SeatGuru New: The Apple Maps of airline seat maps?
It won't direct you to into the middle of the desert while driving to a country town, like Apple Maps, but SeatGuru has just relaunched a guide to airline seats that could give you a rude shock if you rely on it to compare airline cabins or choose a seat.
SeatGuru’s new look website is so spectacularly unreliable that it could have been brought to us by the same people who committed the Apple Maps atrocity.
Let’s give some examples, by cross checking the seat width dimensions it quotes (all in quaint ye olde english measure) on Boeing 777s.
On the new American Airlines 777-300ERs, which are to drool over, it quotes the cushion width as being 17 inches in ten across economy, and also 17 inches across in its nine across economy.
So, it looks like American has gone with wider aisles in main cabin extra, its name for premium economy, which you can suck up from the discomfort of the same butt crushing cushion width as ordinary economy.
But then the inconsistencies begin. Go to the Emirates seat map representations and we get 17.5 inches width in its 10 across 777s, but which is the same value quoted for its 10 across A380s, and its eight across A340s.
Surely this can’t be right in the Emirates A380s, which seem so comfortably wide as the same 10 across seats in a Singapore Airlines A380 which it quotes more plausibly as being 19 inches wide, which is also the width of an economy seat on a Singapore Airlines nine across 777?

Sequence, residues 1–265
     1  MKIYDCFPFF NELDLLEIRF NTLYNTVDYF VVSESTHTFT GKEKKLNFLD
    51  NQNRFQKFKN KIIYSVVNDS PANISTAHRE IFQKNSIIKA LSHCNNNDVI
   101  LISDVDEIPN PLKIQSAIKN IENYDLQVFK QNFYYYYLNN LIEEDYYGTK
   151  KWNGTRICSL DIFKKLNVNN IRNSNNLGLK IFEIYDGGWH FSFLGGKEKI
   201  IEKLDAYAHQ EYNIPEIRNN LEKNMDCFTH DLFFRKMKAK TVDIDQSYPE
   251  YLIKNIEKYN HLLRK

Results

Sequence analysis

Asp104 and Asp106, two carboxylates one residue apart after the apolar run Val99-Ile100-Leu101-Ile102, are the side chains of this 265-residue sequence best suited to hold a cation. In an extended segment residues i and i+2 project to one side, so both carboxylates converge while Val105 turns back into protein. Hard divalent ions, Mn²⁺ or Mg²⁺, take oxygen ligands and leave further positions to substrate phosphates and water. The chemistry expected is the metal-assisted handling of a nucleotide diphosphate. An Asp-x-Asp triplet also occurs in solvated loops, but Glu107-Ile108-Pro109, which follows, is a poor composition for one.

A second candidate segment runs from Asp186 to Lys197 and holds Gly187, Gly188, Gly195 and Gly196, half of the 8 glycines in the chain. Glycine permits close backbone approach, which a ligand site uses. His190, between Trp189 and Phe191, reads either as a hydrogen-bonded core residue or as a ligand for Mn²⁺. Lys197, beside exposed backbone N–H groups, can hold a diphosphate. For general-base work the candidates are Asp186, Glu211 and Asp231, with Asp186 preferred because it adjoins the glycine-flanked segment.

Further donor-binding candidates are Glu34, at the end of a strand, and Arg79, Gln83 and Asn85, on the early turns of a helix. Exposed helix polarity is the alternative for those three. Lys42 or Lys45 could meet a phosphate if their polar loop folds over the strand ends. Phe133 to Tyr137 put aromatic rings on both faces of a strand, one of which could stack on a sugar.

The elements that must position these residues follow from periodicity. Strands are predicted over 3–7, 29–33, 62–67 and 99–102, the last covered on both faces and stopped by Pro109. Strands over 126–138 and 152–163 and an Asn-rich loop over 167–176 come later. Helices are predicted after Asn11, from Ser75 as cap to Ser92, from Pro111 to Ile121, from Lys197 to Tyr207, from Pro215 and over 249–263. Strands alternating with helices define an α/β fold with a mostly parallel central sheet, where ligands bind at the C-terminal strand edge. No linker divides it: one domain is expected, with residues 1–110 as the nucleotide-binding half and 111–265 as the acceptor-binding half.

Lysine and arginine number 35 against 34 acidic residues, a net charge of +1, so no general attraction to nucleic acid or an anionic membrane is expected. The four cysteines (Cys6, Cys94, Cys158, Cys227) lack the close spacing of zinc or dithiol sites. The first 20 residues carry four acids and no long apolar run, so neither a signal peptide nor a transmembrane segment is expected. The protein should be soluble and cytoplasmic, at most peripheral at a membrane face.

Turning to premium economy in A380s it quotes the seven across upper deck cabin on the Air France jet as being 26.6 inches wide, yet for the same general seven across layout upstairs on the Qantas version of the big Airbus it quotes premium economy as 18.5-19.5 inches. While there may be a difference in cushion width between the premium economy seats installed by each airline, it isn’t as much as 8.1 inches.
On its map of a Virgin Australia A330-200 in the seven across layout in business class SeatGuru assigns a cushion width of 23 inches, yet on the six across business class cabins on the Qantas A330-200 it quotes a mere 20 inches across.
You can go through SeatGuru any which way and cross check how they treat different airline cabins with the same seat geometry and find glaring discrepancies that can’t all be accounted for by differences in seat manufacturers or aisle widths.
It is an exercise which will destroy any confidence you might have had in SeatGuru, and like Apple Maps, it is inexcusable.The error rate is way above anything that should be acceptable to regular flyers.
Ben Sandilands has reported and analysed the mechanical mobility of humanity since late 1960 - the end of the age of great scheduled ocean liners and coastal steamers and the start of the jet age. He’s worked in newspapers, radio and TV in a wide range of roles as a journalist at home and abroad for 56 years, the last 18 freelance.